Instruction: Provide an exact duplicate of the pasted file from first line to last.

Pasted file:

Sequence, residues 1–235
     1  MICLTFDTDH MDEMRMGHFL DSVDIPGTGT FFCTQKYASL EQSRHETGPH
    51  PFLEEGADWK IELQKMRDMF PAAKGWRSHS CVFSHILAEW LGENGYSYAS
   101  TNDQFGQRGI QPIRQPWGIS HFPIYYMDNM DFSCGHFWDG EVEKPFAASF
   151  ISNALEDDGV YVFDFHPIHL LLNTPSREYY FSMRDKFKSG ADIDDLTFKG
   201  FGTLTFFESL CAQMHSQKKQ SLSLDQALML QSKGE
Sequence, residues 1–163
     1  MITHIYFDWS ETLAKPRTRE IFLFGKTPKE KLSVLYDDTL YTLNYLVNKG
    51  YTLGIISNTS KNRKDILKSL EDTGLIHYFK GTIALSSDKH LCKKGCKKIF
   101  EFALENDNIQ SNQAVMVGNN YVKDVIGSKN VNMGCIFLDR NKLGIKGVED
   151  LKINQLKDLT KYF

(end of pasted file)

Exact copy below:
Sequence, residues 1–235
     1  MICLTFDTDH MDEMRMGHFL DSVDIPGTGT FFCTQKYASL EQSRHETGPH
    51  PFLEEGADWK IELQKMRDMF PAAKGWRSHS CVFSHILAEW LGENGYSYAS
   101  TNDQFGQRGI QPIRQPWGIS HFPIYYMDNM DFSCGHFWDG EVEKPFAASF
   151  ISNALEDDGV YVFDFHPIHL LLNTPSREYY FSMRDKFKSG ADIDDLTFKG
   201  FGTLTFFESL CAQMHSQKKQ SLSLDQALML QSKGE
Sequence, residues 1–163
     1  MITHIYFDWS ETLAKPRTRE IFLFGKTPKE KLSVLYDDTL YTLNYLVNKG
    51  YTLGIISNTS KNRKDILKSL EDTGLIHYFK GTIALSSDKH LCKKGCKKIF
   101  EFALENDNIQ SNQAVMVGNN YVKDVIGSKN VNMGCIFLDR NKLGIKGVED
   151  LKINQLKDLT KYF